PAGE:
How to Make a Construction Paper Butterfly

By Marybeth Kufen

If you are looking for an entertaining and educational craft to do with children, make butterflies out of construction paper. Options for this project range from the simple for young children to the complex for older children or those who are more artistically inclined. The most important thing to remember when making a butterfly is that the wings are symmetrical, meaning that they are mirror images of each other. If you folded one wing on top of the other, the patterns and colors would align.

Make a Folded Paper Butterfly

Cut 2 inches off of the long side of the paper to make a 9-inch square.

Lay the paper out flat on your work surface. Measure 1/2 inch down from the top of the paper. Draw a straight, horizontal line across the top of the paper at the 1/2-inch mark.

Make a mark 1/2 inch from the right edge of the page. Draw a straight, vertical line down the right hand side of the page at the 1/2-inch mark.

Beginning at the bottom right corner, cut along the vertical line until you get to the point on the upper right hand side where the two lines intersect. Pivot your scissors and cut along the horizontal line. You should be left with an 8.5-inch square that you will use for the wings and an V-shaped piece of paper that you will use to create the antennae.

Fold the 8.5-inch square of paper in half and cut along the fold to create two 4.25-by-8.5-inch rectangles.

Lay the rectangles on top of each other and fold them in half lengthwise to make a 4.25-inch square.

Lay the folded rectangles flat on your work surface so that the fold is to your left and the open edges are on your right. Starting about 1/4 inch from the upper right hand corner, draw a tall, thin, backward number 3 that extends to the bottom and ends about 1/4 inch from the bottom right hand corner.

Cut along the curved lines you drew through all of the layers of paper at once, creating the curved edges of the butterfly wings.

Unfold and separate the two rectangles. Lay one rectangle horizontally on your work surface. Make accordion folds along the 8-inch side. Beginning at the bottom, fold the bottom edge of the paper up 1/4 inch. Turn the paper over. Turn the folded edge up 1/4 inch. Turn the paper over again and turn the folded edge up 1/4 inch. Continue making folds in this manner until the entire rectangle is folded.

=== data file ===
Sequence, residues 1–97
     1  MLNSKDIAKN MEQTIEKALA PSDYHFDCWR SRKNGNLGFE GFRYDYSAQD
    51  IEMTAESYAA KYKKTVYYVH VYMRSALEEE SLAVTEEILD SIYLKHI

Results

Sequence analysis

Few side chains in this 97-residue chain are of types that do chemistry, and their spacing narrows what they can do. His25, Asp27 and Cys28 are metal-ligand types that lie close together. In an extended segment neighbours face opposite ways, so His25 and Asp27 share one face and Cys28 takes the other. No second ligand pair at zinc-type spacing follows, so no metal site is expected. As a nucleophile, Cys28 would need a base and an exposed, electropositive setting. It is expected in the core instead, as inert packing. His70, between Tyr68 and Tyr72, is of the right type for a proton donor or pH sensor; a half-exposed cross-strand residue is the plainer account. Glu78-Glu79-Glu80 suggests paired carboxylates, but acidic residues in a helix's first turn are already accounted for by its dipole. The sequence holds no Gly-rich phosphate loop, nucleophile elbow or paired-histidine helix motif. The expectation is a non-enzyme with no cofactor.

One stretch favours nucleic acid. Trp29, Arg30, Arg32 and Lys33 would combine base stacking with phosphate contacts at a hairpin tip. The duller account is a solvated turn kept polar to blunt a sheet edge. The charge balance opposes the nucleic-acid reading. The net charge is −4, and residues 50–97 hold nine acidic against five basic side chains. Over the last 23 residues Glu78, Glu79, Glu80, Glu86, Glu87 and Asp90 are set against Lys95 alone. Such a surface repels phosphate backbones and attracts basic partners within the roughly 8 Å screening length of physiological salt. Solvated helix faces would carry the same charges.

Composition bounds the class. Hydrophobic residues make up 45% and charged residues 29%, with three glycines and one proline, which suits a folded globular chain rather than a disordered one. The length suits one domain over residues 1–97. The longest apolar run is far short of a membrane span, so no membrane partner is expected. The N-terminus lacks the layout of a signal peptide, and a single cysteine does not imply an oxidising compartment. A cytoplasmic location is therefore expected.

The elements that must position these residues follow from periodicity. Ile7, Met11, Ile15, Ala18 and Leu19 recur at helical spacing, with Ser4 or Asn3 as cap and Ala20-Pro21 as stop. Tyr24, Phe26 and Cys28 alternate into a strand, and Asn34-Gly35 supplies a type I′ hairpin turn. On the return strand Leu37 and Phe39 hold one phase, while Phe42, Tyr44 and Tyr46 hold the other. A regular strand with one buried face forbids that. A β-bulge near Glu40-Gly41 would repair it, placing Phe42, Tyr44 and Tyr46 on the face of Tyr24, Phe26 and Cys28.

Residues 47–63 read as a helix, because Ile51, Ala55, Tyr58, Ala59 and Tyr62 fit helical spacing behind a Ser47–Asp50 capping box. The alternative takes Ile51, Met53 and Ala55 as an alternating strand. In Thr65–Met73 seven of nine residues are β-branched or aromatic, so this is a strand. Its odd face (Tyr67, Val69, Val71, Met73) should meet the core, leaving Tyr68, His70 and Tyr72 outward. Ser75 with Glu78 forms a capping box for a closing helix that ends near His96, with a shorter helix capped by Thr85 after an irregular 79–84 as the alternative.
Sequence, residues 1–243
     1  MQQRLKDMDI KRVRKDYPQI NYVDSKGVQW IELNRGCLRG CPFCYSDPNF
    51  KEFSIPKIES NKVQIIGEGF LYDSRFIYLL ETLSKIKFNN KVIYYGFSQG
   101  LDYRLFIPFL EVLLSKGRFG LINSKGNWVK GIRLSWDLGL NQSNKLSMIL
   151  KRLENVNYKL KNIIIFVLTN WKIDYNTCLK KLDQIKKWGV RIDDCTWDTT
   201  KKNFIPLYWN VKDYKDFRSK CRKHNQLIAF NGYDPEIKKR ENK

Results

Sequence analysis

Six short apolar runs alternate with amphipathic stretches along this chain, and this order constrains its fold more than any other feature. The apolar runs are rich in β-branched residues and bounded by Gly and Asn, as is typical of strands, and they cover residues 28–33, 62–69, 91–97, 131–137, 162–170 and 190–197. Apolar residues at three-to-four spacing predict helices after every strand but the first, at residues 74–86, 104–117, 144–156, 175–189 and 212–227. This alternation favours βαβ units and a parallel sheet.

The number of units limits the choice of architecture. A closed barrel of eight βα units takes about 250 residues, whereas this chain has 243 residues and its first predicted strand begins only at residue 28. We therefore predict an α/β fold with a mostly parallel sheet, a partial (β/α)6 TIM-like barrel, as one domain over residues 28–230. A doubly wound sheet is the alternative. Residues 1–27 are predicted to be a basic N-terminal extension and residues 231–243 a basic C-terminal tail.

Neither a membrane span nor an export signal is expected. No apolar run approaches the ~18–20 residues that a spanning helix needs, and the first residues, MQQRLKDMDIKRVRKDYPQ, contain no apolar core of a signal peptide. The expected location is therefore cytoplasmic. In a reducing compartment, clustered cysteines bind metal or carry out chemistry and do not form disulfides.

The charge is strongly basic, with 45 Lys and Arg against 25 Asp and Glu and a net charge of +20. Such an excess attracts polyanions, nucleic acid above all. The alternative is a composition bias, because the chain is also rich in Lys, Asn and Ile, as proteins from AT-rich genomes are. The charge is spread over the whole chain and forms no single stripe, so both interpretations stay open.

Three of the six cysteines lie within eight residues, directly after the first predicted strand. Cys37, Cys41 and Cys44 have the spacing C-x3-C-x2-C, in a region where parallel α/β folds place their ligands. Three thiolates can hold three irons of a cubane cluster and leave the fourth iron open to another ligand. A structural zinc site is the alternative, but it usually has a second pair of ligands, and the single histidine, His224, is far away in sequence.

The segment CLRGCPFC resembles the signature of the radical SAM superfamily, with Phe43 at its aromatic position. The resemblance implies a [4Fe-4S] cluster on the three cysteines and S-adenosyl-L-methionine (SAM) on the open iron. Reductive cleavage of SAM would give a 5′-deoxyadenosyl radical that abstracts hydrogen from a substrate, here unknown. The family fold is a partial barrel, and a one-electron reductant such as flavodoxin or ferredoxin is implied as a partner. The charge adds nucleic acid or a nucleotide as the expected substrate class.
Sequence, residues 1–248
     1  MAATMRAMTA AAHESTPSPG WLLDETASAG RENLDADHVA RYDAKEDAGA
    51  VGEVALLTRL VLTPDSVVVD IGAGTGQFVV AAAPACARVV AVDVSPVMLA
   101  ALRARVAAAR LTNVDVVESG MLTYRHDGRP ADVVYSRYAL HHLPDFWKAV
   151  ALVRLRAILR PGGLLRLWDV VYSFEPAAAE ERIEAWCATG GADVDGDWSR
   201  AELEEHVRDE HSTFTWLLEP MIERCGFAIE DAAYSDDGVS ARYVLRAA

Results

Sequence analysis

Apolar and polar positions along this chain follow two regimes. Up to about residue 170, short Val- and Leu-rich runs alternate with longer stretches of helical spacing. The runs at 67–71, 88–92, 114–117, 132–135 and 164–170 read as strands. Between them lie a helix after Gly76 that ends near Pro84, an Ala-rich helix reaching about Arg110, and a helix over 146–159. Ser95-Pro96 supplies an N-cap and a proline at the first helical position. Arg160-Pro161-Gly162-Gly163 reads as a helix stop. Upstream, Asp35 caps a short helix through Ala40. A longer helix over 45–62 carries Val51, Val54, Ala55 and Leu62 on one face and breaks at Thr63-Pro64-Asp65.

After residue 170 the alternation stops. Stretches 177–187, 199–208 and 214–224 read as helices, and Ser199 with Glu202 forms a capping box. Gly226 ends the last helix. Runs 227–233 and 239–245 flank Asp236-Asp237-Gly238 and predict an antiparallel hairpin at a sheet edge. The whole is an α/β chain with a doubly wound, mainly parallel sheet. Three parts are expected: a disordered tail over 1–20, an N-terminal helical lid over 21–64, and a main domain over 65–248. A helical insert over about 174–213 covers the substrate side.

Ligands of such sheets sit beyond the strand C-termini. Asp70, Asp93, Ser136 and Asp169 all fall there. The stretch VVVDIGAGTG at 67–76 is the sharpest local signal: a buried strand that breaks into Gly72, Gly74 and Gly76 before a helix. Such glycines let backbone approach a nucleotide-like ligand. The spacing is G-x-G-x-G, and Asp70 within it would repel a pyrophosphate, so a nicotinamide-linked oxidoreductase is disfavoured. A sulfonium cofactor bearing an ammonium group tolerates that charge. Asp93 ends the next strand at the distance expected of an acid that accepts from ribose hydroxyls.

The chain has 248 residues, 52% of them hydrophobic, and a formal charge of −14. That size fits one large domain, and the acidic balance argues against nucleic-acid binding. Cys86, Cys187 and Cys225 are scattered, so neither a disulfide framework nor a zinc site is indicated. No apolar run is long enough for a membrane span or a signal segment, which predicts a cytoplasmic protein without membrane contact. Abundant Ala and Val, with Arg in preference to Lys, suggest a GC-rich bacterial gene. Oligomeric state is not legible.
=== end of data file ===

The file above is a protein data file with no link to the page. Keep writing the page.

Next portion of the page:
Repeat the accordion folds with the other rectangle.

Hold one of the folded rectangles in your hand. Stack the other folded rectangle on top of the first. Pinch the stack in the center with your fingers and slightly open up the accordion folds to create four butterfly wings, two on each side.

Take the V-shaped section of paper you cut in the beginning, and arrange the center tip of the V in the center of the butterfly wings.

Cut a 2.5-inch piece of cellophane tape, and wrap it around the center of the butterfly, joining all of the pieces together.

To curl the antennae, wrap each section tightly around a pencil and hold it for a few seconds before letting go.

To hang the butterfly, tie one end of the yarn around the center.

Hand Print Butterfly Craft

Another way to create symmetry and make a keepsake at the same time is to trace a child's hands and use them as the butterfly wings.

Trace both of your child's hands on one of the pieces of construction paper.

Have your child cut out both of the hand prints.

Tip

Depending on the age of the child, an adult may have to assist with the cutting.

Lay the hand prints next to each other with the four fingers pointing out and the thumbs overlapping. The thumbs make the body of the butterfly, and the fingers make the wings.

Glue the hand print butterfly in place on the other piece of construction paper.

Glue the googly eyes in place at the top of the butterfly's body.

Draw two antennae next to the butterfly's head.

Decorate the butterfly's wings with crayons, markers, colored pencils, stickers, sequins or other decorative embellishments. Remember that both of the wings should be symmetrical, so whatever you place on one wing should be repeated on the other.

About the Author

Based in Philadelphia, Marybeth Kufen has been teaching since 2007, and has been writing education-related articles since 2013. She holds a master's degree in elementary education and is a certified Reading Specialist. Kufen was named Teacher of the Year for her district in 2014.